Beyond ‘The Tragedy of the Commons’: Why Conservation Needs a Rethink

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Published on October 27th, 2009  |  Discuss This Article  

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Of course this year’s Nobel Peace Prize got all the press — as that prize nearly always does. The Nobel Prize in economics, by contrast, went almost unnoticed.

That’s a double shame. First, because it was given to Dr. Elinor Ostrom of the Indiana University and Arizona State University — the first woman ever to win the economics prize.

And second, because Ostrom has devoted her career to demonstrating how a fundamental premise upon which most modern conservation strategies are built — the “tragedy of the commons” — is at times false.

More than 40 years ago, an ecologist from Texas named Garrett Hardin who had a gift for a well-turned phrase published an article called “The Tragedy of the Commons.”  His central thesis was that any common resource — say an open pasture or woodlot — will be subject to ever increasing exploitation by individuals unwilling to organize or impose a cost to manage the system, eventually leading to accelerated erosion of the resource.

This premise has so influenced the conservation movement that conservationists have focused their strategies on either advocating government interventions (say, creating a national park or wilderness area) or using private enterprise (privately buying land, easements, etc.) to avert death by a thousand cuts.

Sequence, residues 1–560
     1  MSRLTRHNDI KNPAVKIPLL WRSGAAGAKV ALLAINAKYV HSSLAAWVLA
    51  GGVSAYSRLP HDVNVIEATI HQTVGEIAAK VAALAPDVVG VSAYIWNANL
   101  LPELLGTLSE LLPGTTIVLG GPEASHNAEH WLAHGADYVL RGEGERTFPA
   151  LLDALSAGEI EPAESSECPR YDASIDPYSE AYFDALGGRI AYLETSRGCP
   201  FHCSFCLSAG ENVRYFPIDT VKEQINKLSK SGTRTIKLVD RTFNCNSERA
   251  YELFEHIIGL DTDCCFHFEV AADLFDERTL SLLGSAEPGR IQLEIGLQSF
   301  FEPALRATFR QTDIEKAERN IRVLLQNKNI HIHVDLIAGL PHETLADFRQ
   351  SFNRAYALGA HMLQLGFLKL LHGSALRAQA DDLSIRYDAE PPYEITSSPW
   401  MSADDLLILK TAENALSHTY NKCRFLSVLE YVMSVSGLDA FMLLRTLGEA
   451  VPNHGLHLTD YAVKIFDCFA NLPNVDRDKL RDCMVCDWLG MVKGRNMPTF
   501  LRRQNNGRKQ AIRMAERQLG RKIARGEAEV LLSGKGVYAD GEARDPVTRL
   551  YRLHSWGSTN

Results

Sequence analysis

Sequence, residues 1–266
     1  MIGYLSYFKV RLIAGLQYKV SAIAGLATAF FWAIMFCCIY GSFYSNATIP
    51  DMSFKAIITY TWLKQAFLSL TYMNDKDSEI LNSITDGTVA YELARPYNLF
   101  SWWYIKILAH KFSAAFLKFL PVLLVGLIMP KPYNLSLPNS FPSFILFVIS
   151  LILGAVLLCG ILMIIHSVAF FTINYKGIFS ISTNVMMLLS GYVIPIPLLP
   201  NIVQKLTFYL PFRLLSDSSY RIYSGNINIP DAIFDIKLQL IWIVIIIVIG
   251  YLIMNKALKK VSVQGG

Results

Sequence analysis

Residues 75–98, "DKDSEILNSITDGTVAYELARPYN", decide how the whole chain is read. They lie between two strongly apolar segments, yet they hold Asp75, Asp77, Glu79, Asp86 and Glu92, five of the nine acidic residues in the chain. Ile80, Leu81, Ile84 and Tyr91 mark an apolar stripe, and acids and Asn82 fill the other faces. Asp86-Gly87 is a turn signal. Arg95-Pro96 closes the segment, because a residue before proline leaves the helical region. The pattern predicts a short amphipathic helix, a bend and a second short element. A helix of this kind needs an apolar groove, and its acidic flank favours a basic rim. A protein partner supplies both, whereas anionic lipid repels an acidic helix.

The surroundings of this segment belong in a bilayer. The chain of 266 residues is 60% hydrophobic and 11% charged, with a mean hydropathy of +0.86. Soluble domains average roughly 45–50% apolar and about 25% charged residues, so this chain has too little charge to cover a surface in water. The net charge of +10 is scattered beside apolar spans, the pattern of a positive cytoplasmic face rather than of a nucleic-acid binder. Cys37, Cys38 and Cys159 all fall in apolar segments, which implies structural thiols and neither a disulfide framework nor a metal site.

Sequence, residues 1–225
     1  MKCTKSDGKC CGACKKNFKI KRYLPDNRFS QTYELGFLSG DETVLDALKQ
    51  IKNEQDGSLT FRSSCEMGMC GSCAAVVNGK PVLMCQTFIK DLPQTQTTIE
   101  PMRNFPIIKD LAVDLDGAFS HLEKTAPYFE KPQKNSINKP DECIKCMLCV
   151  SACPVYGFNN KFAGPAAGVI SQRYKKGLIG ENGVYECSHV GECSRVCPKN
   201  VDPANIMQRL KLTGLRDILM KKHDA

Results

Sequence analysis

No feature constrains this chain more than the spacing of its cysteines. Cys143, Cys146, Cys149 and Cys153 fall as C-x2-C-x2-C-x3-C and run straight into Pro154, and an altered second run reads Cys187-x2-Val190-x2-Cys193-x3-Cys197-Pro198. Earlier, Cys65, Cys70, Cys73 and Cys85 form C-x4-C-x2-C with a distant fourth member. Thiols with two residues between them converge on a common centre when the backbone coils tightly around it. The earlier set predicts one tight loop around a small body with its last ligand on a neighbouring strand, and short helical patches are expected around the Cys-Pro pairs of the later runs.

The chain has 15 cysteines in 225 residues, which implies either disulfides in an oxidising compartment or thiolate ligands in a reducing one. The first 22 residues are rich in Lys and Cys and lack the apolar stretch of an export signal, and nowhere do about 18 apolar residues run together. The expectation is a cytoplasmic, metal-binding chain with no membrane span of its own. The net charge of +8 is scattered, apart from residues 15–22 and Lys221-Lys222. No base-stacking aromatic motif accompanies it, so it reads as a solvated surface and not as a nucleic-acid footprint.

But Ostrom’s work has shown that this “tragedy of the commons” does not always have to happen.

Her research finds that communities can and will impose substantial costs to themselves to sustainably manage a common resource if (a) the expected benefits of managing a resource are greater than the cost of investing in the rules to govern those benefits, (b) loss of short-term economic gains are offset, and (c) the potential of cheating is eliminated.

Reading her recent paper in Science magazine — “A General Framework for Analyzing Sustainability of Social-Ecological Systems” — was like a flashlight being turned on during a night dive: My whole world was immediately illuminated.

In the piece, Ostrom outlines 10 key conditions or factors under which a local community will self-organize and impose rules or costs on itself in order to sustainably manage a resource for the long term — factors such as moderate territorial size, shared moral or ethical standards in the community, and an influential leader. (The full list of 10 is at the end of this post.) While achieving all 10 might seem daunting, I would bet that a broad survey of The Nature Conservancy’s field efforts would support her findings.

And here’s why those findings are revolutionary: Because conservationists have always worried about the long-term sustainability of our work — especially in poor places with little government presence and where money to fund our efforts will eventually tail off (and it always tails off — that’s the nature of fundraising).